Criminal practice in the modern age is replete with pitfalls for those who are inexperienced. Prosecutor’s Offices are divided into specific areas of practice which allows the attorneys to quickly become knowledgeable and experienced in those specific areas. What’s more, both prosecutor’s offices and law enforcement agencies spend large portions of their budgets on training so they are aware of the law, science, and latest techniques of investigating and prosecuting crimes. The results are clear. Studies show that the conviction rate for those charged with felonies has steadily risen over the last few decades. Sadly, so too has the rate of wrongful convictions. Despite larger budgets for law enforcement and an increased reliance on forensic science, a criminal justice system that prides itself on proof beyond a reasonable doubt regularly convicts innocent people.
Defendants who hire attorneys without the same level of training and experience as the prosecutor handling their case are at a huge disadvantage. When Zach left the prosecutor’s office to start his own criminal defense practice he brought with him an experience and skill set that is not only unique to criminal defense but invaluable to his clients. Nowhere is this experience more important than in the most technical and emotionally charged crimes that can be brought by the state.
In recent years the Washington State Legislature has passed aggressive new laws aimed at lengthening prison sentences for those convicted of offenses that are labeled as Domestic Violence (DV). As a prosecutor Zach handled hundreds of DV cases and tried some of the most serious DV offenses that can be committed in Washington including Assault, Rape, and Murder. Now, as a defense attorney, Zach draws on that experience to tackle the unique legal and factual issues presented in DV cases and to formulate strategies to successfully defend those who have been charged with a DV offense.
While the term “Domestic Violence” historically applied to romantic relationships, over the years it has been greatly expanded and now applies to almost any two people who have a preexisting relationship, a child in common, are family members, or who share a residence. In addition, prosecutors have the option of adding “aggravating factors” to felony DV charges that permit them to ask for, and the judge to impose, much lengthier sentences for those convicted of DV offenses. What’s more, recent legislation will require the sentencing judge to impose much longer sentences on charges when the person convicted has a prior misdemeanor DV conviction. As a result, a person who has been convicted of his first, non-violent DV felony offense may be facing years in prison. To make matters worse, prosecutors can, and often do, pursue DV charges against an accused even when the alleged victim does not want charges pursued or admits to fabricating the allegations that led to charges being filed.
During his time with the King County Prosecutor’s Office Zach handled literally hundreds of felony Domestic Violence offenses. Because of his experience handling sexual assault and violent offenses, he was generally assigned the most serious DV offenses including Assault, Strangulation, Rape, and Murder. In fact, Zach was the first prosecutor in the office to successfully prosecute a defendant for multiple sexual assaults of a victim during the same incident. What’s more, Zach did this twice in a year. These convictions resulted in some of the most severe DV sentences that have been obtained in King County.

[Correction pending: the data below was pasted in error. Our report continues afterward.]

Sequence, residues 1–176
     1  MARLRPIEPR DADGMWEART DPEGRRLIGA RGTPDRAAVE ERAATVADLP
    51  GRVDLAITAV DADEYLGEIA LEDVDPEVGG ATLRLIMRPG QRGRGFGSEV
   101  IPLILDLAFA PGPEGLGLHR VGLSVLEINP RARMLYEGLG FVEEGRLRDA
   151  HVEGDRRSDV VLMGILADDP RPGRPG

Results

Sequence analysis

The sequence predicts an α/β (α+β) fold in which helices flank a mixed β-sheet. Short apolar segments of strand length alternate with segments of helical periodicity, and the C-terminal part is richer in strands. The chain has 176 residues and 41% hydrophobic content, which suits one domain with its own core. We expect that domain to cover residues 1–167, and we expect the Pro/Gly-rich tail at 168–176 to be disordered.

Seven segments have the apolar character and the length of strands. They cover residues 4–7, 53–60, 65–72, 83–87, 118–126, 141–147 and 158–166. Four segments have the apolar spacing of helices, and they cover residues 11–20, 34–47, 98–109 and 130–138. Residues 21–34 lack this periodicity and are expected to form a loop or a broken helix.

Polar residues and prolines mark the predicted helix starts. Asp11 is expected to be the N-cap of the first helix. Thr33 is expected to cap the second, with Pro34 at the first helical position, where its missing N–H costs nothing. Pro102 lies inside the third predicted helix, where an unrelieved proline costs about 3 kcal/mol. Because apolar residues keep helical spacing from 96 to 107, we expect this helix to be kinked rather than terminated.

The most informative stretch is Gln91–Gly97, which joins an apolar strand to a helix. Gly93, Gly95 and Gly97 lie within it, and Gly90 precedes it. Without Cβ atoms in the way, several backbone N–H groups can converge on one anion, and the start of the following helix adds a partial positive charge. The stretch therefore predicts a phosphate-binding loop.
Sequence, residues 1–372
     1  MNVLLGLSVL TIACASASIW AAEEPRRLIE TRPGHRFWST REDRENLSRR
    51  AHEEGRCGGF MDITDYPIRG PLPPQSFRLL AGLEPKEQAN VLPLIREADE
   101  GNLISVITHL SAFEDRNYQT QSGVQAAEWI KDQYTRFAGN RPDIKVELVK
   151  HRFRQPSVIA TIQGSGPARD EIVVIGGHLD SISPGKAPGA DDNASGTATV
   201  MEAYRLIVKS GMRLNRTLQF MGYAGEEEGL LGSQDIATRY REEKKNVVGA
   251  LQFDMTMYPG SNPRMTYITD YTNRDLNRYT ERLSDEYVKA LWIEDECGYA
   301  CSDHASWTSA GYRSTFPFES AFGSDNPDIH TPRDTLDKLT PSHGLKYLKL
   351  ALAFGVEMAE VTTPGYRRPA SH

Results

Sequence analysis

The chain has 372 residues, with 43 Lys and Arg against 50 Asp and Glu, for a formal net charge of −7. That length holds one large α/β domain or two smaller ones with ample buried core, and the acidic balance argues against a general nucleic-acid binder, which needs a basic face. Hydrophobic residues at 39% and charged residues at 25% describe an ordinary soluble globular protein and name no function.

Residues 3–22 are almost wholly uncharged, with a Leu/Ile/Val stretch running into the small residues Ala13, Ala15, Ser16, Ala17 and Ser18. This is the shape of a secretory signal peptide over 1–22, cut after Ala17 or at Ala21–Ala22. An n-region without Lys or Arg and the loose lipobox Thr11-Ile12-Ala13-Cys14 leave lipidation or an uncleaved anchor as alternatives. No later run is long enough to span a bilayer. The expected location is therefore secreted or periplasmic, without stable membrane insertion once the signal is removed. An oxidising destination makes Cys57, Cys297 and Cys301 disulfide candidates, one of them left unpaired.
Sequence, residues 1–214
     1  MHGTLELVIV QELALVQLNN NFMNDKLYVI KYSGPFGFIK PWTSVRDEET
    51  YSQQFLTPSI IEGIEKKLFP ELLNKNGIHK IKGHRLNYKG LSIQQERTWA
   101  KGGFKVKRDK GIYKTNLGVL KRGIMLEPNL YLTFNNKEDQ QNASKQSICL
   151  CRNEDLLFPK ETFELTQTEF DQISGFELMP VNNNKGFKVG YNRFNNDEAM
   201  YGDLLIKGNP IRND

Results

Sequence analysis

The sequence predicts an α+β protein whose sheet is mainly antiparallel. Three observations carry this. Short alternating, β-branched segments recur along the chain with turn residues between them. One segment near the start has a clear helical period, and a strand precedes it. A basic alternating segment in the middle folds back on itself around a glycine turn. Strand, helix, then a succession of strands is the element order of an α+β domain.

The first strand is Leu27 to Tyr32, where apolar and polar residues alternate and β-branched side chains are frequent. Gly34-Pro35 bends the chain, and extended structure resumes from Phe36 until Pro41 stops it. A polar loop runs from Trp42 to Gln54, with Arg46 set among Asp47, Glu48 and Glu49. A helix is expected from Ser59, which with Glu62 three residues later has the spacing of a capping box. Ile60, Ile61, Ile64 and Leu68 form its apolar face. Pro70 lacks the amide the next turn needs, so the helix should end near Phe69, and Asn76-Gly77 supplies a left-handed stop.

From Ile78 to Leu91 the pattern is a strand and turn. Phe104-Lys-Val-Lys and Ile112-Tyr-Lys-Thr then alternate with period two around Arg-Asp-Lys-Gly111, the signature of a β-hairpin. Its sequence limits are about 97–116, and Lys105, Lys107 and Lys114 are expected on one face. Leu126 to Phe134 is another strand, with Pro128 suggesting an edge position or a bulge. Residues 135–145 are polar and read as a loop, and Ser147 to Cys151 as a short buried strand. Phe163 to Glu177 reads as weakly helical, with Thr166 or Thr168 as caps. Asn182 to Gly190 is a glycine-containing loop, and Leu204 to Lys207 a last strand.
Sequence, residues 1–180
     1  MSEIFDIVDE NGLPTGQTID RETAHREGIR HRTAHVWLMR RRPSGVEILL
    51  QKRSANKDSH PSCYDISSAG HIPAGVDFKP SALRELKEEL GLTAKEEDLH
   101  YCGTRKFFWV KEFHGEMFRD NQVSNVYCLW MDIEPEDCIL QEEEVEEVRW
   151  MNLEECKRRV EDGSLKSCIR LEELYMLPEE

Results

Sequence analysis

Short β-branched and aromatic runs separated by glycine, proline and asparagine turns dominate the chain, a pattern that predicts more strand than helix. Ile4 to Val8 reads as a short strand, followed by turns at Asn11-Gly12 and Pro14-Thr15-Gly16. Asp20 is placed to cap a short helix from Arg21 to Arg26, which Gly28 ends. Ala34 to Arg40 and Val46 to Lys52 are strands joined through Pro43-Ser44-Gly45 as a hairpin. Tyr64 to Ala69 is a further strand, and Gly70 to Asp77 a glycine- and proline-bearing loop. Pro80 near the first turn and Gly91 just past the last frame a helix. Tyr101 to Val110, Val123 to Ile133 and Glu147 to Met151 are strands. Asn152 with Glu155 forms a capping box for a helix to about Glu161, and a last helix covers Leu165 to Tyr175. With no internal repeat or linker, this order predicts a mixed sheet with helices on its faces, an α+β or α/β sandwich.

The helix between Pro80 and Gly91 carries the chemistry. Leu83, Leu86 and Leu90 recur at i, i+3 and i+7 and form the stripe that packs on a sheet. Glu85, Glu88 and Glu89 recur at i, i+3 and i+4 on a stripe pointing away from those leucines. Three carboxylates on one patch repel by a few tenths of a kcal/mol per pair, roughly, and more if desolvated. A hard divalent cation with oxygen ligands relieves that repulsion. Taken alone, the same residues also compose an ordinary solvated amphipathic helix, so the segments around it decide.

As a defense attorney, it is that wealth of experience that allows Zach to find and exploit the complex legal and factual issues that are so unique to DV cases. In other words, because he tried so many DV cases as a prosecutor Zach has a unique, insider view of how the prosecution views these cases and the strategies it will use to prove them at trial. Zach knows how best to negotiate these cases and, at trial, how to approach all kinds of factual scenarios and legal issues in order to provide the best defense for those who have been charged with a DV offense.
State v. Allen Ivanov: In 2016 Allen Ivanov took an assault weapon to the home of a high school classmate in Mukilteo, Washington and opened fire on a group of people who were celebrating the end of the school year. Among the three individuals who were killed was his former girlfriend. The evidence against Allen was overwhelming and included numerous eye-witnesses, a lengthy confession, and even a letter written before the incident outlining the reasons for the shooting. Due to the strength of the evidence and the youth and number of victims, the Snohomish County Prosecutor threatened to seek the death penalty against Allen. Zach and other members of Allen’s legal team were able to convince the elected prosecutor to spare Allen’s life just one day before he was scheduled to announce his decision.
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State v. Johnnie Wiggins: In 2013 Johnnie Wiggins was charged with Premeditated First Degree Murder – Domestic Violence for beating his girlfriend to death on Christmas Eve in front of her 14-year-old daughter. Armed with two eye witnesses, a confession, and forensic evidence, the State refused to negotiate the case and went to trial with the hope of putting Mr. Wiggins in prison for the rest of his life. At trial Zach managed to exploit holes in the evidence and flaws in the investigation and convinced a jury to convict Mr. Wiggins of only Murder in the Second Degree saving him over 15 years in prison.
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